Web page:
RYAN Probert has been described as a “mechanical genius” with a zest for life by his family, who say he will be sadly missed in Cinderford.
The 31-year-old qualified DAF technician from Oak Field will be remembered as a cheeky boy who loved nothing more than cooking steaks over a campfire when he was not fixing lorries.
He died of a suspected heart attack after being airlifted to Frenchay Hospital near Bristol on Tuesday April 29.
Ryan’s father Trevor, 60, said he is proud of his son’s achievements after he was told he would not succeed due to a lack of academic qualifications.
Haulier Mr Probert said: “When I was holding his hands at Frenchay I thought when he had a spanner in them, they were the most useful hands you could have.”
Mr Probert said Ryan was a “central plank” in his haulage business for Hope Construction Materials but was temporarily off work due to foot and stomach problems.
Ryan is survived by his two boys, Callum, six, and Finlay, four, brothers Wesley, 27, Gavin 25, his father and mum Beverley, 51, and Zia Martin, 32, the mother to his children. His mother said their eldest son had a “wonderful relationship” with his gran Louise Cresswell, 74.
Not only did he love fixing and tinkering with cars and lorries, he also had a love of motorbikes and building sidecars. Mrs Probert said: “Ryan always had to be going at top speed, even as a young boy.
“He was very energetic, could not sit still and was very hard to keep up with. And he was very gifted when it came to vehicles – he knew his stuff.”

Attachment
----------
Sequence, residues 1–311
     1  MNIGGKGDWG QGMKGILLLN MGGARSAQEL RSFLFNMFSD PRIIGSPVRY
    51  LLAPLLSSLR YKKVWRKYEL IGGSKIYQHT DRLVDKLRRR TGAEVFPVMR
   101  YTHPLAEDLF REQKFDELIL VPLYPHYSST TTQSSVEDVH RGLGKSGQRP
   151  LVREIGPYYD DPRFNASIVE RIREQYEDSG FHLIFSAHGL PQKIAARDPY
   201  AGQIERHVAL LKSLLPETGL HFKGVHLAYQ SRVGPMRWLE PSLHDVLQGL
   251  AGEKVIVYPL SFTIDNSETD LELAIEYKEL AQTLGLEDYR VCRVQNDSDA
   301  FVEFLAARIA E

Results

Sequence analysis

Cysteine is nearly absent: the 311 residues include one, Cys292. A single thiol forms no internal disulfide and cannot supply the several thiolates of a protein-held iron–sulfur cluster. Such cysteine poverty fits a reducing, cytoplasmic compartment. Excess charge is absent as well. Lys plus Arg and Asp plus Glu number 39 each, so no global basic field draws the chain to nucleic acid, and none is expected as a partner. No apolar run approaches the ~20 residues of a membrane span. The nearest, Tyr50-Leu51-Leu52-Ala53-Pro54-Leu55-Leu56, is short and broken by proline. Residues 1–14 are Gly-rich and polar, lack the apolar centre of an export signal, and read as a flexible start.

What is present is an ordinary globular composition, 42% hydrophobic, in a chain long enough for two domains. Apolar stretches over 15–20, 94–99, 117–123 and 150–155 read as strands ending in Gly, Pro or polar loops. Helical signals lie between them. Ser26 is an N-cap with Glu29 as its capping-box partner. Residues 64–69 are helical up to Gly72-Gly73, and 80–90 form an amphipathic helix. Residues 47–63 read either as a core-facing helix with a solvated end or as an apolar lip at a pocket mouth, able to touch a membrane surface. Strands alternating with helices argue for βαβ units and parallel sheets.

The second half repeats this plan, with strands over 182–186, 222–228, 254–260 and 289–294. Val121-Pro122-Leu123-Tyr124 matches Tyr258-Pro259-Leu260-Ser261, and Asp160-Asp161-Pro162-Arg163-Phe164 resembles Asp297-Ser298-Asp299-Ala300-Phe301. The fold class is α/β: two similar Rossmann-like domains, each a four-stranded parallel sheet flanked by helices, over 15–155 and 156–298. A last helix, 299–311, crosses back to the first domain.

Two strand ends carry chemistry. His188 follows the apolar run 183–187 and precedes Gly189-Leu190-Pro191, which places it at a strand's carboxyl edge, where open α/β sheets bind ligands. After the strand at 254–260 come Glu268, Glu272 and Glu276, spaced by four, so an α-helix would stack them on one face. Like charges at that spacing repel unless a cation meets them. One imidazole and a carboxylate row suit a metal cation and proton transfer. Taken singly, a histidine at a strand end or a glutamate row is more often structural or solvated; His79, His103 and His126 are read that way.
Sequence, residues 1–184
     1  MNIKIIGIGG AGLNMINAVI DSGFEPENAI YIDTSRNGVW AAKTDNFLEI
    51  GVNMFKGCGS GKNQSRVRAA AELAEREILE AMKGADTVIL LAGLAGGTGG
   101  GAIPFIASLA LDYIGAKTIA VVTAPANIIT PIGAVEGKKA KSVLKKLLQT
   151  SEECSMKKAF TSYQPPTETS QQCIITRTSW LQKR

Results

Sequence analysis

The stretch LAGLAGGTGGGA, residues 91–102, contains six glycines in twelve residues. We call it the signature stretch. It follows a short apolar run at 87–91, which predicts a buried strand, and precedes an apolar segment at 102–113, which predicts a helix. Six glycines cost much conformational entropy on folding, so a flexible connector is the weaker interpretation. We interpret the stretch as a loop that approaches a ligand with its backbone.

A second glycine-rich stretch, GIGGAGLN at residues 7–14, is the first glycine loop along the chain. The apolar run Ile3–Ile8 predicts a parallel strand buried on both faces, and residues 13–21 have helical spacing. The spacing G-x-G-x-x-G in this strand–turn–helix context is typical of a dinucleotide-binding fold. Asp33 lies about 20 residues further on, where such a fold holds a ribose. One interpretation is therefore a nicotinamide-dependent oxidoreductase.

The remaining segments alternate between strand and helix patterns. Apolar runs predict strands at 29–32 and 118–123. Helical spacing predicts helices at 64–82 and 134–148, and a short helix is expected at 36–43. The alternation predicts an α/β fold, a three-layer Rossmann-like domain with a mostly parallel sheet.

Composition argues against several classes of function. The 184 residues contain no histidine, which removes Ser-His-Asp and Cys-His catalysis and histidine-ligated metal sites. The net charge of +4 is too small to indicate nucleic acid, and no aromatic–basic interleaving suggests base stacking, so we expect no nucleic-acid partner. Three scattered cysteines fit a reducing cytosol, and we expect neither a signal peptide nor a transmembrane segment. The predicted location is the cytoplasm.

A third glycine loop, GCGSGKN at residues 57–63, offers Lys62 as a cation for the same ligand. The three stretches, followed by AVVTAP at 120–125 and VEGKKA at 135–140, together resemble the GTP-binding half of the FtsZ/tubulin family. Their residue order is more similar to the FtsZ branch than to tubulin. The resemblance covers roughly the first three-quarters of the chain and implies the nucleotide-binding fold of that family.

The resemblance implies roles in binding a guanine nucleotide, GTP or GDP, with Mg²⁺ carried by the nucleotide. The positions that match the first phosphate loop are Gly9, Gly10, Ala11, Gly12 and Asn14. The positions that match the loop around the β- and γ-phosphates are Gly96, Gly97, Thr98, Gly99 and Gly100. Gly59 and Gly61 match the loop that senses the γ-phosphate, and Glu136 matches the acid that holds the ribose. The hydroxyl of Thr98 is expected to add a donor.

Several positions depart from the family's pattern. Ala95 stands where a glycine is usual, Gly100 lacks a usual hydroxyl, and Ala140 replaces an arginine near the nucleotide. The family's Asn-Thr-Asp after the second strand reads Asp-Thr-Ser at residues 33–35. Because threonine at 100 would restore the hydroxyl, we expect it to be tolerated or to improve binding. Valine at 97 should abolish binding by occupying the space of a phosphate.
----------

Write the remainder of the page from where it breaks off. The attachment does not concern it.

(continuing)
His family said he loved cooking and would often buy fresh fish – including live lobsters – which he would prepare himself.
They also recalled a number of occasions which earned him a reputation for being cheeky, including asking an Indian take away to pick up a four-pack of beer or cider for him when they delivered him meals. His family said the fact they have received 104 sympathy cards was a “measure of his popularity”.
During heavy snow and at a time when he owned a Land Rover, he charged people £5 a time to be towed up the hill to Cinderford.
And the floods of 2007 did not deter him from getting to work at Watts Truck and Van Centre as he swam through eight feet of under the railway bridge in St Oswald’s Road.
During Ryan’s younger days his parents said they would not allow him to go to Glastonbury Festival, but he had other ideas.
Mr Probert said: “He made a grappling hook out of u-bolts, scaled a fence and he got in there, but it took him 24 hours to find his friends and we were quietly impressed.”
His funeral will not be held until an inquest has opened, which is expected to be this week, but his family said an old Austin flatbed truck will carry his coffin and Pink Floyd’s Shine on You Crazy Diamond will be played in reflection of his personality.